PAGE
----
Until a few years ago, ethanol, biofuel or bio-diesel were the words that came to mind when one talked about the alternative energy industry. Today, however, solar and wind seem to be the buzzwords. While the number of new wind farms and photovoltaic cell manufacturing plants has increased over the last few years, new biofuel plants have dwindled. However, the biofuels industry is poised for a comeback.
While new bio-fuels project announcements peaked in 2006 at 201 projects, they totaled a mere 66 in 2008. The chart below shows the number of new project and expansion announcements in the United States between 2003 and 2008 in the biofuel industry. In total, there were 604 bio-fuel related projects in the United States in those six years. Approximate net investment stood at around $50 billion, or $84 million per project.
The above chart does not mean that the biofuel industry is in a decline. Opening a new bio-fuel plant can be an expensive business. With the economic downturn and the lack of credit both hitting producers around the same time, new projects were hard to undertake. There was also some overcapacity in the market due to the high volume of activity in 2006 and 2007. In addition, low gasoline prices meant that some forms of biofuel could not compete with gasoline economically. The situation became so dire that a number of major ethanol producers filed for bankruptcy in 2008 and 2009.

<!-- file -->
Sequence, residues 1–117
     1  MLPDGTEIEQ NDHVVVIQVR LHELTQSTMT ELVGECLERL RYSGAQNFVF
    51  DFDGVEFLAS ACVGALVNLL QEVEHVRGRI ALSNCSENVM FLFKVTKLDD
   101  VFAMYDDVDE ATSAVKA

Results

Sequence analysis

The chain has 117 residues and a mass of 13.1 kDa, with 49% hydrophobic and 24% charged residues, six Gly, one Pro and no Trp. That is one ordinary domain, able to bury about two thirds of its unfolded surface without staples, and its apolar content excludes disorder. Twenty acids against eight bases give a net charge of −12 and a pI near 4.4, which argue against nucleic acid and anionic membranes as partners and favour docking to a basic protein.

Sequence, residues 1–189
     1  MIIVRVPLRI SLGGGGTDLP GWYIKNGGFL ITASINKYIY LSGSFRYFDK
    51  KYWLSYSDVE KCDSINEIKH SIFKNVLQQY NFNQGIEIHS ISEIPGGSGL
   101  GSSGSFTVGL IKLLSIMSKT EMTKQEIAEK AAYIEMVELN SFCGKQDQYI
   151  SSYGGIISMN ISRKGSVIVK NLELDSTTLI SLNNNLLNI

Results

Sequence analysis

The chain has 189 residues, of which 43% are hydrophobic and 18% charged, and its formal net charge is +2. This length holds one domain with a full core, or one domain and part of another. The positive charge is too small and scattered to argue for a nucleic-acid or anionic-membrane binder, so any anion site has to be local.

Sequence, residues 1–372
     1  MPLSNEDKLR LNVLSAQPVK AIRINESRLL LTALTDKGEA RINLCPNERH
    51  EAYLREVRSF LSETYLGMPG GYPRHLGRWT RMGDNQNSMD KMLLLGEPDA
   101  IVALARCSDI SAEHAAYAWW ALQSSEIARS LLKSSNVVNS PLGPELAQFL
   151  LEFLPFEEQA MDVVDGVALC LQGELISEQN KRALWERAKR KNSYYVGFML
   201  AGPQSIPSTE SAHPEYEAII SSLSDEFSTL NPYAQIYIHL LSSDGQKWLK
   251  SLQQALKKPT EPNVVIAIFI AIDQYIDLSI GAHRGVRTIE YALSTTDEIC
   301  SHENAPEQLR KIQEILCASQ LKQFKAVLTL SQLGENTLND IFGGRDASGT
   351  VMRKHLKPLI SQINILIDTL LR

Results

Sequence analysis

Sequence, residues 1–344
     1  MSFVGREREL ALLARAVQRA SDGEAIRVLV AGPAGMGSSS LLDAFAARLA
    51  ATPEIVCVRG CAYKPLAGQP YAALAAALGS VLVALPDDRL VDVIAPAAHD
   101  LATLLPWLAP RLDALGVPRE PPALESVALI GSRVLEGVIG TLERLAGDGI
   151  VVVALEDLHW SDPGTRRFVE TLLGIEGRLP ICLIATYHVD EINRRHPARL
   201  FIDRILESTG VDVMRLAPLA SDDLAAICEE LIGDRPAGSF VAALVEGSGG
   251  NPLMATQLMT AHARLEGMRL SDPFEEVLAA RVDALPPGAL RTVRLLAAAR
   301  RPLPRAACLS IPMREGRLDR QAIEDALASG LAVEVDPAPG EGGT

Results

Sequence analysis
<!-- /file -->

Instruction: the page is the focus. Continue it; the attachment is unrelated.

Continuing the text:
However, the Energy Information Administration, a part of the US Department of Energy, expects biofuel demand to increase over the next 10 years. In fact, the Department of Energy projection shows the demand for oil-based fuel (gasoline, diesel and jet-fuel) declining over the next 10 years. The chart below shows the demand pattern of oil since 1970 (numbers after 2008 are projections).
As the economy comes out of the current recession, demand for biofuels is expected to go up again. New government regulation to increase fuel standards and the Obama Administrationâ€™s push for energy efficiency will also boost the demand for biofuels. Last year 7% of the gasoline Americans pumped into their tanks came from plant-based fuel. According the to the Energy Information Administration, that number is likely to double over the next decade as mandates for more biofuels are implemented.
Another trend that is likely to impact the biofuel market is the mandates that say that all fuels cannot be made from corn, the most popular raw material for ethanol. Governments all around the world are concerned that if too much corn is used for ethanol production it may increase the prices of corn-based food products. As a result, companies are increasingly looking to convert municipal and industrial waste, wood pallets and a number of different materials into biofuels. Whittaker Associates identified over 50 up-and-coming start-ups that are banking on the projected increased demand for biofuels and are making major investments in the industry.
As demand for biofuels rises, new plants will be built and existing plants will be expanded.